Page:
Opportunities used to exist

Believe it or not, there actually were good ol' days for adult recreation in Polk County.

Take Monmouth, for example. Seventeen years ago, citizens passed a serial operating levy -- of about 50 cents per $1,000 of assessed value -- to fund a traditional parks and recreation program. In 1997, the city spent about $55,000 on recreation personnel and programs.

The result? The city had its own over-30 basketball league. It scheduled a full slate of activities ranging from kung fu and dog training classes to kayaking and canoeing sessions.

"We had a brochure that went out four times a year, with things to do that coordinated with the seasons," said Jim Protiva, former Monmouth parks and recreation director.

Protiva said a survey of residents showed about 18 percent regularly participated, "which is decent."

Monmouth's levy lasted only two years, because of changes to state property tax laws in the late 1990s. Protiva resigned when budget cuts severely reduced his position in 2002. Today, he heads Newport's parks and recreation department.

In Dallas, churches and local groups ran an adult basketball league for many years until the 2000s. In 1964, Loren Faxon, who owns Starlite Lanes bowling center, started a slow-pitch softball league for men.

There were maybe six teams to start and games were played on a field in front of the Academy Building, Faxon said. The league grew and sparked the first slow-pitch tournament in Oregon.

"They were pretty popular," he said. "You would have 400 people out watching the games ... it was a huge draw."

Faxon ran the league until the late 1980s, then handed the reins over to local pastors. It's now a church league with 13 teams.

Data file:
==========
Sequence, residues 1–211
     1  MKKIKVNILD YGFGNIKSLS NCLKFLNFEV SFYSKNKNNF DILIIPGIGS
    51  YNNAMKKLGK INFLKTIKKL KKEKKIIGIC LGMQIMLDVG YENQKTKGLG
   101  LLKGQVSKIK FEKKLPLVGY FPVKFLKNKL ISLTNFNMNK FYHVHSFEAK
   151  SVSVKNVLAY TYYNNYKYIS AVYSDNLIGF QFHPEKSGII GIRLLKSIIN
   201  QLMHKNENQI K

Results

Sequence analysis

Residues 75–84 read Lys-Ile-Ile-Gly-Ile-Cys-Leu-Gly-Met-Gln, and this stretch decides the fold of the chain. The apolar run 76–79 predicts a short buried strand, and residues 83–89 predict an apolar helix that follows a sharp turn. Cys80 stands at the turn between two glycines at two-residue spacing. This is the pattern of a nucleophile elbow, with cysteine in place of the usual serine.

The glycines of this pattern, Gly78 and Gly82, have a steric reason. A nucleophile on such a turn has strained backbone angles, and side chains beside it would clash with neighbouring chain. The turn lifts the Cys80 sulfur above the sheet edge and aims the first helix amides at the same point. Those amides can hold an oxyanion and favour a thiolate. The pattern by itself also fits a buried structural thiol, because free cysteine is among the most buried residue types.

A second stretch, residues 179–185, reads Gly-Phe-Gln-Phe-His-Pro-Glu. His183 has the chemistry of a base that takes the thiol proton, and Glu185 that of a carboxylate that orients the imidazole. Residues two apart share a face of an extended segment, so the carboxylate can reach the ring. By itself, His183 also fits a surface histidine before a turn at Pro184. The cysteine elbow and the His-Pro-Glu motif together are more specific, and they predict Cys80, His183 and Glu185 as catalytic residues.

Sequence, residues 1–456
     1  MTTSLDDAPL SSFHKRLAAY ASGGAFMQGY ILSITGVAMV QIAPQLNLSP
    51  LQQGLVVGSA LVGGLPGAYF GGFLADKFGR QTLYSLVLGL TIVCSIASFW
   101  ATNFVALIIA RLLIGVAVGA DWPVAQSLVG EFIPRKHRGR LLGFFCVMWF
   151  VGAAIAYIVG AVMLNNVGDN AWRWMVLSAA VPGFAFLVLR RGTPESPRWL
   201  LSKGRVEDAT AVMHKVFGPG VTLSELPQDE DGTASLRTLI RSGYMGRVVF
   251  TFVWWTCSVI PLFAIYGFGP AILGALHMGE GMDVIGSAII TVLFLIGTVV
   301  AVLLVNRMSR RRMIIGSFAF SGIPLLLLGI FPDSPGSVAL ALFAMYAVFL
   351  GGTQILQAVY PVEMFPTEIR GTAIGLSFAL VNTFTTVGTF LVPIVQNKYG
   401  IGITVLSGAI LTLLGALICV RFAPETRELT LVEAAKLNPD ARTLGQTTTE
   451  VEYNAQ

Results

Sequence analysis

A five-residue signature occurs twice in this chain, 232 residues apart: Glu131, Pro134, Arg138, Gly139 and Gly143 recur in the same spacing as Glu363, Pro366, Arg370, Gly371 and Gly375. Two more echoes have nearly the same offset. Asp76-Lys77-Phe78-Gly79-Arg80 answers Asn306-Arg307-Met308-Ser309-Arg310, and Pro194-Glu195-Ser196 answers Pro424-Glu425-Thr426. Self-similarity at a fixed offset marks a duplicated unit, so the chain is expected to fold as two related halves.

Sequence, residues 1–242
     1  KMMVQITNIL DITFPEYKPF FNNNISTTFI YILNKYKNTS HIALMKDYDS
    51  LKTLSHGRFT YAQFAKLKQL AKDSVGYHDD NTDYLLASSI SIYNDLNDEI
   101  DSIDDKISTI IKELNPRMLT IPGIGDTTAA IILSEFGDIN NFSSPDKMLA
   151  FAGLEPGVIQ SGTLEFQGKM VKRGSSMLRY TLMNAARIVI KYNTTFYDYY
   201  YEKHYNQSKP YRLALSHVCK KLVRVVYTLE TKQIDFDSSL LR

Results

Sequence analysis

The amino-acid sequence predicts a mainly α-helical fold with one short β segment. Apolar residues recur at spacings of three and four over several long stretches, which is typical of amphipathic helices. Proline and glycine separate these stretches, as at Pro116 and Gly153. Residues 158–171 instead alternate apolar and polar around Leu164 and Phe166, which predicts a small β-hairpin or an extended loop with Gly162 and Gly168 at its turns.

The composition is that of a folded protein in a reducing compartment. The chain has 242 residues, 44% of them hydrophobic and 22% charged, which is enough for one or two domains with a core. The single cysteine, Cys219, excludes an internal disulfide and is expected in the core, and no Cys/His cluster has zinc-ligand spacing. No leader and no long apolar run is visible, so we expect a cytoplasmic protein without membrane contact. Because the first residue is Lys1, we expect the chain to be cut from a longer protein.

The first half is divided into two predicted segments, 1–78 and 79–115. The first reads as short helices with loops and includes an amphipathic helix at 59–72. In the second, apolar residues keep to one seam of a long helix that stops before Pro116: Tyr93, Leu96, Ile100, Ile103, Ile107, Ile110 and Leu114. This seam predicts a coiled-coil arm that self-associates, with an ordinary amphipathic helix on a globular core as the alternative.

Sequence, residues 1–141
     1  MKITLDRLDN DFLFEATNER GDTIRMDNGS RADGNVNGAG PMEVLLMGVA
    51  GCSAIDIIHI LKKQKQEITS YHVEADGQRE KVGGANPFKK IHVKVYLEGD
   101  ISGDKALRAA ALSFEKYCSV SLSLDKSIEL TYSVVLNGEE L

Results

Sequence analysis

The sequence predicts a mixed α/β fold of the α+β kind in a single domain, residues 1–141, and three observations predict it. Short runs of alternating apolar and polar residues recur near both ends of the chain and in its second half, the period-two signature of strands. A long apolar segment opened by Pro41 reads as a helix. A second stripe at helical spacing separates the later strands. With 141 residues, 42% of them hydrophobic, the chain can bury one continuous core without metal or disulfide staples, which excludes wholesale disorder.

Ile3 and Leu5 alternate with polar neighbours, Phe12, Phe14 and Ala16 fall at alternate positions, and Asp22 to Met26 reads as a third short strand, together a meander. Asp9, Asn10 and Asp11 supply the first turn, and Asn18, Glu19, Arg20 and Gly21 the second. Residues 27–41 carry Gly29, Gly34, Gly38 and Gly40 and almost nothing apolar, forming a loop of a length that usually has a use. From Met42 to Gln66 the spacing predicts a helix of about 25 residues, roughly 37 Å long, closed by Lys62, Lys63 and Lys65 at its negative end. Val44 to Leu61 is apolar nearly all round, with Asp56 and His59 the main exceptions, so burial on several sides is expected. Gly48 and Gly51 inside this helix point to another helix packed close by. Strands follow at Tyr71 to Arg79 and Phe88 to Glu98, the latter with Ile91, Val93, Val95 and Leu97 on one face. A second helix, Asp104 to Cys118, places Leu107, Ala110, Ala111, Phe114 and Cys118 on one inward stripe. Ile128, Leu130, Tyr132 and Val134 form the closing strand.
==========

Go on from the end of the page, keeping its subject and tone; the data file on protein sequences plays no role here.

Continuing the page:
"It's mostly by word of mouth, there's no advertising," said William Latham, softball organizer and coach. "For people who don't want to drive to Salem, it kind of fills a void."

Programs come at a cost

There are countless case studies espousing the economic, health and general livability benefits communities enjoy by being close to recreational services. That doesn't make paying for them any easier.

Protiva, who still lives in Monmouth, said a problem for local cities when he worked here that remains today is lack of a funding mechanism and a relatively low tax base.

In Monmouth, almost 26 percent of the city's 1,430 acres

are owned by government entities and are exempt from municipal tax rolls.

"It then falls to the participant and most of them can't afford to pay out of pocket for the full cost of a service," he said. "Ad valorem (property) taxes alone are not enough."

For example, Newport's parks and recreation department has a budget of nearly $1.4 million. It receives a huge boost from hotel/motel tax revenue in one of the largest tourism centers in the state.

Parks and recreation districts between multiple agencies are an answer to the funding problem, as are private-public partnerships. In Tillamook County, the YMCA runs a regional recreation service.

There was an attempt at this in Monmouth and Independence in 2008. Almost 60 percent of voters, however, shot down a bond levy of 50 cents per $1,000 of assessed value to build a new recreation center to be run by the local YMCA. A recreation district measure also failed.

"Timing was everything then," said Joe Penna, chief petitioner of that measure. "When it went to voters, the economy took a nose dive."

Polk County Administrator Greg Hansen said the county government has never been approached about partnering on recreation programs. And in the foreseeable future, given budget cuts, "it's not a priority," he said.